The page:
September 15, 2014
Kalamazoo - Attorney General Bill Schuette and Kalamazoo County Prosecutor Jeff Getting today announced that the Attorney General's Criminal Division has charged Calvin Ray Kelly (a.k.a. Larry Calvin Jackson), 57, of Memphis, Tennessee with multiple felonies for his alleged sexual assault of a Southwest Michigan victim in a 2008 Kalamazoo cold case. Schuette has also requested Kelly be sentenced as a Habitual Offender under the Violent Offender Fourth Offense (VO-4) habitual offender law first proposed by Schuette.
The charges follow an extensive investigation by Schuette's Attorney General Cold Case Sexual Assault Project (AGCSA) team with assistance from the Kalamazoo County Prosecutor's Office, and the Kalamazoo Department of Public Safety (KDPS).
"Solving cold cases requires a combination of dedication, resources, and cooperation across jurisdictions," said Schuette. "Our aggressive, victim-centered, offender-focused approach has brought us one step closer to securing justice for survivors of sexual assault and their loved ones."
The case against Kelly will be prosecuted jointly by the Department of Attorney General and the Kalamazoo County Prosecutor's Office.
"I would like to thank the Attorney General's office for their efforts in bringing these charges. I am looking forward to working with Attorney General Schuette in the prosecution of this case," said Jeff Getting, Kalamazoo County Prosecutor. "Like the Office of the Attorney General, the Kalamazoo County Prosecutor's Office has zero tolerance for those who prey on our citizens. My office will be there every step of the way working with Attorney General Schuette to see that justice is done."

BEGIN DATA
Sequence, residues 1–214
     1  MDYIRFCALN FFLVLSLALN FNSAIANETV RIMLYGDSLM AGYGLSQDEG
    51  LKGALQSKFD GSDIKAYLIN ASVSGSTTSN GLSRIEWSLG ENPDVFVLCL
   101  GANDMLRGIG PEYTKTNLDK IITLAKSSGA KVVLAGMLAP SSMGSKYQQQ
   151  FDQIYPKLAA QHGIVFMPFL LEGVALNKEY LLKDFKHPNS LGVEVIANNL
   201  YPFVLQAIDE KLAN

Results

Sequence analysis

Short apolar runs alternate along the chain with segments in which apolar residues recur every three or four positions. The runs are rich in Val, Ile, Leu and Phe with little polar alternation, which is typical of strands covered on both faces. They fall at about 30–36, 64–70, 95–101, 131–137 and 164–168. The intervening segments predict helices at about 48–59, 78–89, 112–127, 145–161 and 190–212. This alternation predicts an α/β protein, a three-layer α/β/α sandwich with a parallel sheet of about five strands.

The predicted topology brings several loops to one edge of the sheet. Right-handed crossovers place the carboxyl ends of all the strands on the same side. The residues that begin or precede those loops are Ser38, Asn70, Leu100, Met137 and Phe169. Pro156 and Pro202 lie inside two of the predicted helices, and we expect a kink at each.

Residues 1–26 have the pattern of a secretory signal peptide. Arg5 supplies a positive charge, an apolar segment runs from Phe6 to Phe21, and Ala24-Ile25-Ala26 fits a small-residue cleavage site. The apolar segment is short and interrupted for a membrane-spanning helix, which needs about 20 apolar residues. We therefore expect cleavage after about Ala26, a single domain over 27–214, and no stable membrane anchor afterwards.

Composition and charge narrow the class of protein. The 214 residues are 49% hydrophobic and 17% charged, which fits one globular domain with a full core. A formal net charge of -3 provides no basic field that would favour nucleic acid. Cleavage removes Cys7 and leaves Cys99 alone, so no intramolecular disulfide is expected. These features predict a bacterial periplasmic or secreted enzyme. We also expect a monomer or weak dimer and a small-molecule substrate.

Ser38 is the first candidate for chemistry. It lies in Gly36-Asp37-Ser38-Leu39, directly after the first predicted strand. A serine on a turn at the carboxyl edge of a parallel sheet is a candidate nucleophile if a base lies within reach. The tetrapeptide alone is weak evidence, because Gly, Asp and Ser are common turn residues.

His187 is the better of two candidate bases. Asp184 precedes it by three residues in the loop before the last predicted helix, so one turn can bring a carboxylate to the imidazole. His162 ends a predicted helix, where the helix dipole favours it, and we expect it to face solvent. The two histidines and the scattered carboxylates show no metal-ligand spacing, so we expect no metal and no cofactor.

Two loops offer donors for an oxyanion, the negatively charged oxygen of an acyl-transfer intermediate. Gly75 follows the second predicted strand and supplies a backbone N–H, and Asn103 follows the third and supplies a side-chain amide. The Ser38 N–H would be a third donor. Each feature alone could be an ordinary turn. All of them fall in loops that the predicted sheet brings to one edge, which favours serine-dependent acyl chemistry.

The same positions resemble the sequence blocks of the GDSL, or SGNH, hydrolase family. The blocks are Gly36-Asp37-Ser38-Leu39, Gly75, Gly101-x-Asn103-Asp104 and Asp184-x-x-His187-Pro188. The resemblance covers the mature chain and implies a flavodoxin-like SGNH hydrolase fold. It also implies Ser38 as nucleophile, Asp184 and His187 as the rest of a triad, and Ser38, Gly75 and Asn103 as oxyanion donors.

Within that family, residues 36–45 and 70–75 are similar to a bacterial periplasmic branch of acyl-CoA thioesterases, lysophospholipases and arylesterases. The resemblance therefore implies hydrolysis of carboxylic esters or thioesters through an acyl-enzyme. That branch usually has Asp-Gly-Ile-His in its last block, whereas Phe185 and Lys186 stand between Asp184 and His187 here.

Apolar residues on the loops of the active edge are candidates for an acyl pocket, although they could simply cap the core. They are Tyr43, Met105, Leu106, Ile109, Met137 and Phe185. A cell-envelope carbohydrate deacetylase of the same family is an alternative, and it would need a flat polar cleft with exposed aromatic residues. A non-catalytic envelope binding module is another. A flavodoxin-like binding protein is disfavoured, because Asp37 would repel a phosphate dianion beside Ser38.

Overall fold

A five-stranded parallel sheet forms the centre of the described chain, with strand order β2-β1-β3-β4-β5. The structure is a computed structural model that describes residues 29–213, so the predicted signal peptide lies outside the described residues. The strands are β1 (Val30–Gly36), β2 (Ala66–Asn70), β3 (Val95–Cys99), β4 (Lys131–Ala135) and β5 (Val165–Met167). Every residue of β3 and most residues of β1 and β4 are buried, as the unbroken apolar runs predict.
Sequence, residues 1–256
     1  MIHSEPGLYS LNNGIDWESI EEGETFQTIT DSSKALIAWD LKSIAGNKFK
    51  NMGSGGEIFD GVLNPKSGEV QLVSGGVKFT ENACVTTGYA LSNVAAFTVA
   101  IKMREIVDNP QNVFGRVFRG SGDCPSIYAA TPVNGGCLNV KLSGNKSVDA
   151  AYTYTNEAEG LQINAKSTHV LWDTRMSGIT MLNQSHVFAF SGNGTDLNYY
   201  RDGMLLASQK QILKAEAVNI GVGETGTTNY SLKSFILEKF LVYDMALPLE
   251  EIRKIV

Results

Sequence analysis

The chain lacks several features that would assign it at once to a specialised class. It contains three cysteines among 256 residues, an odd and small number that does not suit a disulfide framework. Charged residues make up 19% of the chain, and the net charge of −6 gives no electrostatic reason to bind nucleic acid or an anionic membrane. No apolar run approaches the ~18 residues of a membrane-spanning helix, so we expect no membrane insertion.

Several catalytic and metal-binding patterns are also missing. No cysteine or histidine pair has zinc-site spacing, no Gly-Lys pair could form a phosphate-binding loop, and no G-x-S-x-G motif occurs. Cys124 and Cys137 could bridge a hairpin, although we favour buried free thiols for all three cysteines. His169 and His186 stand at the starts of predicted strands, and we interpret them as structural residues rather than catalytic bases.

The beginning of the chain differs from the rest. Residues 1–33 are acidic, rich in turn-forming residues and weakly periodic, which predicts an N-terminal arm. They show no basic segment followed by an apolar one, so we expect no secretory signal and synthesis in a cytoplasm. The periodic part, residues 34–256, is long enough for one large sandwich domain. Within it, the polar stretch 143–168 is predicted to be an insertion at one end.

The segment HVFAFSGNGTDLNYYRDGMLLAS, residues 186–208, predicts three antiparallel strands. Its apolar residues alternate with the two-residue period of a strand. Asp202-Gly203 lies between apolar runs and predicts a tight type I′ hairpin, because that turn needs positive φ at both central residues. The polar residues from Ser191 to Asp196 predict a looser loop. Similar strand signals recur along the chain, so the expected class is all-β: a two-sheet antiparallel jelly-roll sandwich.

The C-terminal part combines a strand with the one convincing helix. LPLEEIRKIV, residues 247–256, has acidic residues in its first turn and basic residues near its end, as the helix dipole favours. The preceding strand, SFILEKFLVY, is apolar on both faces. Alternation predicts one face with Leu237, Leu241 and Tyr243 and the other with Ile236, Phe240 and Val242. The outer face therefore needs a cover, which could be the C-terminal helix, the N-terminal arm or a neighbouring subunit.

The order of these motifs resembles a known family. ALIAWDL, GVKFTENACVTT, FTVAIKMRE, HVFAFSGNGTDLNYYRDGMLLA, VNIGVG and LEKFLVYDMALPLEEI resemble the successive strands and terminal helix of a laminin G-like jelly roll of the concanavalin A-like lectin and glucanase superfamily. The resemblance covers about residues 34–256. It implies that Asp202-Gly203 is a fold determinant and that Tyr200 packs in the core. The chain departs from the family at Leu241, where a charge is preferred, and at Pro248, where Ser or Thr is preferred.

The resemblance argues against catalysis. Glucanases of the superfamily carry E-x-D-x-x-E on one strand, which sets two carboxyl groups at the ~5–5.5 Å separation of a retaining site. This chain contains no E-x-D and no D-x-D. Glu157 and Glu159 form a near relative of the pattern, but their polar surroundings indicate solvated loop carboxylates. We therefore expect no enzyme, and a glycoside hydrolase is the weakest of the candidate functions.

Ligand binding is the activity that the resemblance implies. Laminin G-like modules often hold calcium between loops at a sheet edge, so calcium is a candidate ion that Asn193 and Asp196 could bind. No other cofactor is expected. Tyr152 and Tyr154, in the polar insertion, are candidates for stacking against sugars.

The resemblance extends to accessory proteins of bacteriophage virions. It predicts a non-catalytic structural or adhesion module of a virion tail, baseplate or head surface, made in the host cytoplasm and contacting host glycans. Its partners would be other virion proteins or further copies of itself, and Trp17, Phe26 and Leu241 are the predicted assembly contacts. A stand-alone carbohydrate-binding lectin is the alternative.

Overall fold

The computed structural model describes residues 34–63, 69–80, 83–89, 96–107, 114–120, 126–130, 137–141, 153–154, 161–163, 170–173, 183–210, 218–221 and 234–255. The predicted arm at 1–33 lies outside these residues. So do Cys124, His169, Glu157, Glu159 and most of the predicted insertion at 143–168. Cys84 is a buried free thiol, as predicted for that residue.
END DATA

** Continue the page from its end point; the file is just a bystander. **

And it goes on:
Cold Case Sexual Assault Project and Role in Investigation
In 2012, Schuette's office created the Attorney General Cold Case Sexual Assault Project (AGCCSA) funded by a United States Department of Justice grant to combat violence against women. AGCCSA is ongoing, comprised of a full-time Assistant Attorney General and a Special Agent Investigator from Schuette's office as well as representatives from the Michigan State Police Forensic Science Division (MSP-FSD), the Prosecuting Attorneys Association of Michigan, and the Michigan Domestic and Sexual Violence Prevention and Treatment Board.
"My hope is that this can offer the victims of these crimes the opportunity for justice and healing--and to know that they were not forgotten," said Debi Cain, Executive Director of the Michigan Domestic and Sexual Violence Prevention and Treatment Board. "The work of Attorney General Schuette's cold case team has been outstanding and an extraordinary example of how to do work like this in a victim-centered way."
After an initial investigation by KDPS, it was determined that on April 8, 2008, a Kalamazoo victim ran across U.S. 131 to flag-down a Kalamazoo police officer. The victim reported to the officer that an unknown assailant had repeatedly raped her at knifepoint. Kalamazoo Police then sent the victim's post-examination Sexual Assault Kit to MSP-FSD for forensic analysis. The unknown Kalamazoo suspect's DNA profile was entered into a national DNA database.